At UK, Turpin's skill and easygoing manner made him a favorite with fans. He showed flashes of astonishing talent and, at times, a steely toughness. In January 1983, with UK losing to Tennessee in Knoxville, Turpin poured in 42 points, a brilliant individual performance and the one bright spot in the game for Kentucky.
During his career, he recorded three of the best six single-season shooting percentages in UK history. His best — 61.7 percent in 1982-83, ranks third all time.
But there also were games when Turpin was badly outplayed by Auburn's smaller and less experienced Charles Barkley. Sportswriters said Barkley played "mind games" with the UK center. Turpin also played in two of UK's most painful losses: the defeat by the University of Louisville in the 1983 NCAA Tournament, and the Cats' devastating loss to Georgetown in the 1984 Final Four, when they shot 9.1 percent in the second half.
Turpin's struggles with his weight began at UK. One widely reported story was that Hall once assigned a student manager to keep Turpin away from fast food.
Turpin was drafted sixth in the 1984 NBA Draft — the same draft in which Hakeem Olajuwon, Bowie and Michael Jordan were selected — by the Washington Bullets. He was immediately traded to Cleveland.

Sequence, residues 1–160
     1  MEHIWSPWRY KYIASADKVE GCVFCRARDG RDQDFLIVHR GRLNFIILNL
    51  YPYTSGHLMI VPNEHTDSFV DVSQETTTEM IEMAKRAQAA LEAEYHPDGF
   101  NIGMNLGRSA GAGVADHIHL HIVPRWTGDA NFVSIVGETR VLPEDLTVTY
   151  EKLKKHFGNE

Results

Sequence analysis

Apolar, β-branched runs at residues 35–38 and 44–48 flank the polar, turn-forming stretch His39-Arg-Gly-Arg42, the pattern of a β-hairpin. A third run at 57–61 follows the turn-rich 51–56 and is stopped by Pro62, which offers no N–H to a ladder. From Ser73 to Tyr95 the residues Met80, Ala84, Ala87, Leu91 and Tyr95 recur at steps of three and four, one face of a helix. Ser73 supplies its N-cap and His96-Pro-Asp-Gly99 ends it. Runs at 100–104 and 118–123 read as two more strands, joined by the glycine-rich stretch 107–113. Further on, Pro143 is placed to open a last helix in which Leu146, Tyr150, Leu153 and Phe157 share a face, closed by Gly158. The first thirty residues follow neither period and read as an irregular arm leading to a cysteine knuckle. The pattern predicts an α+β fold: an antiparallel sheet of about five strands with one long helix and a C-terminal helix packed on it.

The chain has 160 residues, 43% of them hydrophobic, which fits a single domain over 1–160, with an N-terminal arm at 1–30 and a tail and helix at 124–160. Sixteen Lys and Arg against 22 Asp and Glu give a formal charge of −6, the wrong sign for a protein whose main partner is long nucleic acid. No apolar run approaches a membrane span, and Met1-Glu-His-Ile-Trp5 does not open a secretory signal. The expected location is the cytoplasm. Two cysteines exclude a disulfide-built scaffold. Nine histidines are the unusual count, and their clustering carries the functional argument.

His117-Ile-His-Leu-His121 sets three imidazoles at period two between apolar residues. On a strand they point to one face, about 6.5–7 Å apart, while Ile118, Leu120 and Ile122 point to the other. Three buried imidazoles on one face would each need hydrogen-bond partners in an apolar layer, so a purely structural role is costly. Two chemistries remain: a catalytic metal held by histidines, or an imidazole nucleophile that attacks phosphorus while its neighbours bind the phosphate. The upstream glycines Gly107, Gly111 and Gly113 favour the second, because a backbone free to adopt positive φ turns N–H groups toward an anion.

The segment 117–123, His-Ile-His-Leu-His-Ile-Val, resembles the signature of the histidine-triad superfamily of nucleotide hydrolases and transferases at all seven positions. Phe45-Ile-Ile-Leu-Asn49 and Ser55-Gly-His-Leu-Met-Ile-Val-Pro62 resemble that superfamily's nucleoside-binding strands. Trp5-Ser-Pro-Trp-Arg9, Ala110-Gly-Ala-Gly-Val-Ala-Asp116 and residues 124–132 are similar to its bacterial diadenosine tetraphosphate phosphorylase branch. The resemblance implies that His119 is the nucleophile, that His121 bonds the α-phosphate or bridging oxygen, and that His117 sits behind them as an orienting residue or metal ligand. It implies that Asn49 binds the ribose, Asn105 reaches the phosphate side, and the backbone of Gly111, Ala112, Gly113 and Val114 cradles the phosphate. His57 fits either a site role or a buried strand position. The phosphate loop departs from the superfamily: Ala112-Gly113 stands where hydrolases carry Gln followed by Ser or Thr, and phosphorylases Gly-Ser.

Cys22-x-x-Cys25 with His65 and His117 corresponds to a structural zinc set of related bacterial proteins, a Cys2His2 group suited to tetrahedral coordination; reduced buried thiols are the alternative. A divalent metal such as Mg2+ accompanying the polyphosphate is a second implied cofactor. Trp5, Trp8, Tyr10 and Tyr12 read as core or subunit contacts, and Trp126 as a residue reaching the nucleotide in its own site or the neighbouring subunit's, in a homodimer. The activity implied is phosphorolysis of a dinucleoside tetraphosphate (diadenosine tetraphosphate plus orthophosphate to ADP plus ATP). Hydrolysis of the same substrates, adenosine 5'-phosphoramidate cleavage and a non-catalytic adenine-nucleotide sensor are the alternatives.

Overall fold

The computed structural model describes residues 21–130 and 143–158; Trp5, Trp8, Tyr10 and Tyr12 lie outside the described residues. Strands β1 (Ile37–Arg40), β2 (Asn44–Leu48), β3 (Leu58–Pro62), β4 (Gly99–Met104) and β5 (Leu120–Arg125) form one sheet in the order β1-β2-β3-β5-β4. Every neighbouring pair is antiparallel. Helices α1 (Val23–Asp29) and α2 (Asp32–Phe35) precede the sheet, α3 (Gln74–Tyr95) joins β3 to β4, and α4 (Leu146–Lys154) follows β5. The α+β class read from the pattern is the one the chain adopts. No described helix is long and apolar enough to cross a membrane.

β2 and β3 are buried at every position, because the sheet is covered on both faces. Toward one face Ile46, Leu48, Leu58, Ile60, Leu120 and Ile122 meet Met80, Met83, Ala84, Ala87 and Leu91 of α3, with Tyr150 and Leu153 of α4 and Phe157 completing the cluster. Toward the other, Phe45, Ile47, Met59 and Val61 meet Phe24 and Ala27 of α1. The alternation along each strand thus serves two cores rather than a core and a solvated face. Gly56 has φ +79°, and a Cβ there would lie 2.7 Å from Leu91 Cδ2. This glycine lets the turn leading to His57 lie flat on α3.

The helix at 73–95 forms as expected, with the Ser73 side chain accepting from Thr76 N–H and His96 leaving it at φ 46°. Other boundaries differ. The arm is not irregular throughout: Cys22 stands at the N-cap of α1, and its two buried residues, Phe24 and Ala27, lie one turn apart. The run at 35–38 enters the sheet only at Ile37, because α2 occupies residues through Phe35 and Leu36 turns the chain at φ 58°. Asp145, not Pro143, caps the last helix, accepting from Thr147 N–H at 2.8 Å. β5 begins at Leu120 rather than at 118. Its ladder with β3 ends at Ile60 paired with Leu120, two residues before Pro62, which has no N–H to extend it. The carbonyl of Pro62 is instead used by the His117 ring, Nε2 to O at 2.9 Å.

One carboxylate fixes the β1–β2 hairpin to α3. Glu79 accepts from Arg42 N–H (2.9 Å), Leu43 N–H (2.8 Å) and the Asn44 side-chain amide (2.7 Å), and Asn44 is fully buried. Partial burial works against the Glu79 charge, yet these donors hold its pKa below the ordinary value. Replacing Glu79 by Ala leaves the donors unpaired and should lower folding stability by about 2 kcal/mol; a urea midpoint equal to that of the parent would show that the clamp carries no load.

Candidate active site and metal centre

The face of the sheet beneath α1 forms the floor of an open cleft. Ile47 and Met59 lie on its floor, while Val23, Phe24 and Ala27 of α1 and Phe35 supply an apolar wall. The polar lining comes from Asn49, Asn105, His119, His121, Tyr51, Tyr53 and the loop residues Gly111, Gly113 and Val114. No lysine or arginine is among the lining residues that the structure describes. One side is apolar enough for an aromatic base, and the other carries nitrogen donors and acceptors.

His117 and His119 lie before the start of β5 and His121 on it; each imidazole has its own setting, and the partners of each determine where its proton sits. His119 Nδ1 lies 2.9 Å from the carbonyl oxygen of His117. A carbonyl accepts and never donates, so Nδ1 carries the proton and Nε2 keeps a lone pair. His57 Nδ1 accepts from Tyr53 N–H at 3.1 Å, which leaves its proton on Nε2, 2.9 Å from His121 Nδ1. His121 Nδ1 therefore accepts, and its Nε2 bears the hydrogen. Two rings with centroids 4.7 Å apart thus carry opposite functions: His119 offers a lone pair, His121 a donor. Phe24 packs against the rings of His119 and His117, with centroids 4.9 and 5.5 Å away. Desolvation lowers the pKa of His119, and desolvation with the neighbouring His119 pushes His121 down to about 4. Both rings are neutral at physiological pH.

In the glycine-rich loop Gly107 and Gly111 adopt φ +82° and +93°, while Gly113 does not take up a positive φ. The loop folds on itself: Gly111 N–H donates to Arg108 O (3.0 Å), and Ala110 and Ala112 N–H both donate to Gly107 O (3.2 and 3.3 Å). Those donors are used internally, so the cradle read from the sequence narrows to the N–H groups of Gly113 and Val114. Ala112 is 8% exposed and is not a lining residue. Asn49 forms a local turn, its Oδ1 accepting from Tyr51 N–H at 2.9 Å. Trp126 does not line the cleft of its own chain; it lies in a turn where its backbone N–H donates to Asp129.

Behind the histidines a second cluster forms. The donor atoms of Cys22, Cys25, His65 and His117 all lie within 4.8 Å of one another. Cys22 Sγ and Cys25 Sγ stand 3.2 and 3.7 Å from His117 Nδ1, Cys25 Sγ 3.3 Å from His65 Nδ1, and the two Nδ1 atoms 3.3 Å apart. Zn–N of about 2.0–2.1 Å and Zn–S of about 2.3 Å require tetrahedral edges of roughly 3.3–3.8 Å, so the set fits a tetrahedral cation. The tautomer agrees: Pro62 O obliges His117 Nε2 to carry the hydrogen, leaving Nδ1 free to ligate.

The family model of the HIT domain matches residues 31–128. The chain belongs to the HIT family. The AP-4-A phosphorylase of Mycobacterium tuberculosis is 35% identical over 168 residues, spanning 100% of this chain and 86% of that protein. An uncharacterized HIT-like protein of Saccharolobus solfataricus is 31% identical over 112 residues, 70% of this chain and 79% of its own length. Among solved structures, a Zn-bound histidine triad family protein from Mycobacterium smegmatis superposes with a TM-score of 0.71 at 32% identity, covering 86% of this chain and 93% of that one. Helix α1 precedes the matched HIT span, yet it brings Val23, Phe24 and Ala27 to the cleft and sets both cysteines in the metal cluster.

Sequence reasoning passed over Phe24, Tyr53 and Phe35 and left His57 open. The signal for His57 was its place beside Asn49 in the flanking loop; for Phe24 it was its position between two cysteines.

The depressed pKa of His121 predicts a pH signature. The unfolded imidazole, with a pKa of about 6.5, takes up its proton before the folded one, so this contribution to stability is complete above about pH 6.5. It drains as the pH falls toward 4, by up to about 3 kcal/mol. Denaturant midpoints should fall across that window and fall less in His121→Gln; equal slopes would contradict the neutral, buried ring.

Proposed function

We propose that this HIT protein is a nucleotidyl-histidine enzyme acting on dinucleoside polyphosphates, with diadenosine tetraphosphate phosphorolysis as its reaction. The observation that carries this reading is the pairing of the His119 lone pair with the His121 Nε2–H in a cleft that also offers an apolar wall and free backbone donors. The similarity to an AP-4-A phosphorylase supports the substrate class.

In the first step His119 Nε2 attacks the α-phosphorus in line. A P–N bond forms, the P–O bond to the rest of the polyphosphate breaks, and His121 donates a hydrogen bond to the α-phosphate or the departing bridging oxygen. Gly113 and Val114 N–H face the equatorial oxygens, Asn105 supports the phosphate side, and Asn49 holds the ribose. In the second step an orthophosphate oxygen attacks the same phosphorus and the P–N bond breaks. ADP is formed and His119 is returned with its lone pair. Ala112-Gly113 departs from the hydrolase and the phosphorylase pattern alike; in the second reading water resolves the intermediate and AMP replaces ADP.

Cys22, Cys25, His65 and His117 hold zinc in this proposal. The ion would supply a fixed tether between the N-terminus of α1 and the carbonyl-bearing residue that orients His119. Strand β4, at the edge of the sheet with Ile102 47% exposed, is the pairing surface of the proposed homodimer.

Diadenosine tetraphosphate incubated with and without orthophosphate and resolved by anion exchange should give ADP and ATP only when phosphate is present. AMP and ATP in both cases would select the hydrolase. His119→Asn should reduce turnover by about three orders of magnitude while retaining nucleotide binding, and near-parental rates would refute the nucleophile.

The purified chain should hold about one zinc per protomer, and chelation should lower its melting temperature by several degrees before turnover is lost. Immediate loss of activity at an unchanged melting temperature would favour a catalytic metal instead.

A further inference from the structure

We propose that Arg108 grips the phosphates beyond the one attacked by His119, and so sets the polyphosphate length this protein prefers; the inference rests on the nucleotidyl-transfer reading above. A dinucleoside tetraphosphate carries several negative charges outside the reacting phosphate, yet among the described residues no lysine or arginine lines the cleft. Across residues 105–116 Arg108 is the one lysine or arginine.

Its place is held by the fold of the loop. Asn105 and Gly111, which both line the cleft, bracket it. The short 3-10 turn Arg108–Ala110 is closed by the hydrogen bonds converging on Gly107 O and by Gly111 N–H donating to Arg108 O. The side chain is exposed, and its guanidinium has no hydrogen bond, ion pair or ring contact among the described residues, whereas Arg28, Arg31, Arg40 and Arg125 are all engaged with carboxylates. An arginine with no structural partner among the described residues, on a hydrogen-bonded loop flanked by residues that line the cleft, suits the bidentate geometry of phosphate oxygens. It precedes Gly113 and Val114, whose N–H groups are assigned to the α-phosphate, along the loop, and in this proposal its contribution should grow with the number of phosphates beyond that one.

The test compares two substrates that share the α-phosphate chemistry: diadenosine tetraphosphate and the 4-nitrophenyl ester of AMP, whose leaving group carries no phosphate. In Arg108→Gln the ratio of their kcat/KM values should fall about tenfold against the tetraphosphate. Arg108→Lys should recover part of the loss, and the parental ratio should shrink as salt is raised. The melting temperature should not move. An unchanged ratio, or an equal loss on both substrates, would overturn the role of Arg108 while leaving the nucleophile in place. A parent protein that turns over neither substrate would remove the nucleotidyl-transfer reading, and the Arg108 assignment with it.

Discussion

He showed signs of promise in his first year, but his career was undone by his inability to control his eating and weight. By 1987 his coaches were complaining about his weight, and some TV commentators started calling him "Dinner Bell Mel."
Cleveland traded Turpin to Utah, which later traded him to a Spanish team in exchange for Jose Ortiz. Turpin's professional career then faded away.
Turpin acknowledged his struggles during an interview in 2003, when he weighed 395 pounds.
"I can still shoot," he said, "but I don't know about dunking. I'm heavier."
"I've got no one following me around anymore," he added with a laugh. "I miss that."
In a Herald-Leader article in 2004, Turpin said he had two sons, Kiel and A.J., and a daughter, Melissa.
Turpin's son, Kiel, was a freshman basketball player last season at Lincoln College (Ill.). The 7-footer helped lead Lincoln to a junior-college Division II championship and received interest from several major college programs, including Kentucky. He said he wants to join a Division I school before this coming season, but he has not yet picked a school.
Herald-Leader reporter Shawntaye Hopkins contributed to this story.